In the weeks since Chinese leader Xi Jinping won a third five-year term as president, setting him on course to remain in power for life, leaders and diplomats from around the world have beaten a path to his door. None more so than those from Europe. French President Emmanuel Macron made a high-profile state visit to Beijing last week accompanied by European Commission President Ursula von der Leyen, just days after Spanish Prime Minister Pedro Sanchez.
German Foreign Minister Annalena Baerbock arrived in the northeast port city of Tianjin on Thursday, following a visit by Chancellor Olaf Scholz in November. The European Union’s foreign policy chief, Josep Borrell, would have been in China this week, too, but he tested positive for Covid-19.
For the 27-nation trading bloc, the reasons to head to China are clear.
As an ally of Russian President Vladimir Putin, Xi could play a pivotal role in helping to end the war in Ukraine. The conflict has dragged on for over a year, driven up energy prices and inflicted more damage on economies struggling to rebound from the coronavirus pandemic.
The Europeans want Xi’s help. They want him to talk to Ukraine’s president as well as Russia’s, but they don’t see him as the key mediator. China’s proposed peace plan for Ukraine is mostly a list of its previously known positions and is unacceptable, EU officials say.
The EU also fears that Xi might supply weapons to Russia. They’ve been particularly disturbed by Putin’s plans to deploy tactical nuclear weapons to Belarus. That announcement came just days after Xi and Putin met to cement their “no-limits friendship.”
Baerbock said the war is “top of my agenda.” Praising Beijing for easing tensions between Saudi Arabia and Iran, she said that “its influence vis-à-vis Russia will have consequences for the whole of Europe and for our relationship with China.”
At the same time, the EU is deeply concerned about a military escalation in the Taiwan Strait. China launched war games just after Macron left. But unlike the U.S., with its military and strategic interest in Taiwan, the Europeans mostly see the island in economic and pro-democracy terms.
So the visits are meant to reassure Xi of respect for Beijing’s control over all of Chinese territory and to urge calm. They also highlight the challenge the U.S. faces as it tries to build a coalition of countries to ramp up pressure on Beijing over its expansionist policies.
“The key is that we have every interest, both in Europe and in China, to maintain the status quo,” a senior EU official said Wednesday, briefing reporters on plans for Borrell’s sensitive trip on condition that he not be named. “It has worked well for all sides for decades.”
Beyond the geopolitics lies business. The EU and China did more than 2.3 billion euros’ ($2.5 billion) worth of trade every day last year, and the Europeans don’t want to endanger that. However, the EU’s trade deficit has more than tripled over the past decade, and it wants to level the business playing field.
It’s also desperate to limit its imports of critical resources from China, like rare earth minerals or hi-tech components, after painfully weaning itself off its biggest, and most unreliable, gas supplier, Russia.
It’s a fine line to walk, and China is adept at divide-and-conquer politics.
Over the past two decades, the Chinese government has often used its economic heft to pry France, Germany and other allies away from the U.S. on issues ranging from military security and trade to human rights and Taiwan.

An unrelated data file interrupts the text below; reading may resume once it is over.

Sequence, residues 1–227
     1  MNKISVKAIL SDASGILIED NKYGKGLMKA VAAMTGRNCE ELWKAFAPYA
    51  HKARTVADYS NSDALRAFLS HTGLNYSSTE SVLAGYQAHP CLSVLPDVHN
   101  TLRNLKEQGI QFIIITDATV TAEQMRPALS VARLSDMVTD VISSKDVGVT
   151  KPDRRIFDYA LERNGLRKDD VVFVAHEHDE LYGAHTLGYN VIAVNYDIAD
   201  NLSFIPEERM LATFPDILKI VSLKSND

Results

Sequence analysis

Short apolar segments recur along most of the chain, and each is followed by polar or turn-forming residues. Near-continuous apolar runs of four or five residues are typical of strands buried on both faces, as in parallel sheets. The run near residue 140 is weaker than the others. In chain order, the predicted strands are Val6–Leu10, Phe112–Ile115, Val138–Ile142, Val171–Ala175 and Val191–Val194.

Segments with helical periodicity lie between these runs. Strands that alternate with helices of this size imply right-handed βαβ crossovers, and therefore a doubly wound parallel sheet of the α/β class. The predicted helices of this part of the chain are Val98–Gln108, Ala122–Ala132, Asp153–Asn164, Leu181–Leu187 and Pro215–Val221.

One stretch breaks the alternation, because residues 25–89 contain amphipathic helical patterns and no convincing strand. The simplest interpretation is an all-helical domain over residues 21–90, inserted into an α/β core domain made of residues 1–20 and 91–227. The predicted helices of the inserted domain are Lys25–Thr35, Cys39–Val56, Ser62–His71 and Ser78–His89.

Beijing has called repeatedly for a “multipolar world,” a reference to Chinese frustration with U.S. dominance of global affairs and the ruling Communist Party’s ambition to see the country become an international leader.
“There has been a serious deviation in U.S. understanding and positioning about China, treating China as the primary opponent and the biggest geopolitical challenge,” the Chinese foreign minister, Qin Gang, told reporters last month.
“China-Europe relations are not targeted, dependent, or subject to third parties,” he said.
Macron’s visit appeared to illustrate that Qin’s view isn’t just wishful thinking. As tensions rise between Beijing and Washington, the French leader said, it is important for Europe to retain its “strategic autonomy.”
“Being a friend doesn’t mean that you have to be a vassal,” Macron said Wednesday, repeating a remark from his trip that alarmed some European partners. “Just because we’re allies, it doesn’t mean (that) we no longer have the right to think for ourselves.”
Such comments could strain ties with the U.S. and have also exposed divisions within the EU.
Without mentioning Macron, Polish Prime Minister Mateusz Morawiecki warned that some in Europe were too slow to heed the “wake-up call” on China.
“You could see this over the past couple of weeks as some European leaders went to Beijing,” Morawiecki said, adding: “I do not quite understand the idea of strategic autonomy, if it means de-facto shooting into our own knee.”
For its part, the White House has sought to downplay Macron’s talk of Europe as “an independent pole in a multipolar world.”
It thinks European skepticism toward Beijing is growing. U.S. officials note a recent Dutch decision to restrict China’s access to advanced computer chip components or Scholz publicly prodding Xi not to deliver weapons to Russia.
Despite the differences of national emphasis, the EU’s strategy on China remains much as it was enshrined in 2019 — that the Asian giant is “a partner, a competitor and systemic rival.” The aim of the recent visits fit that mold: to secure Xi’s commitment to peace, keep trade flowing fairly and reduce Europe’s reliance on China for critical resources.
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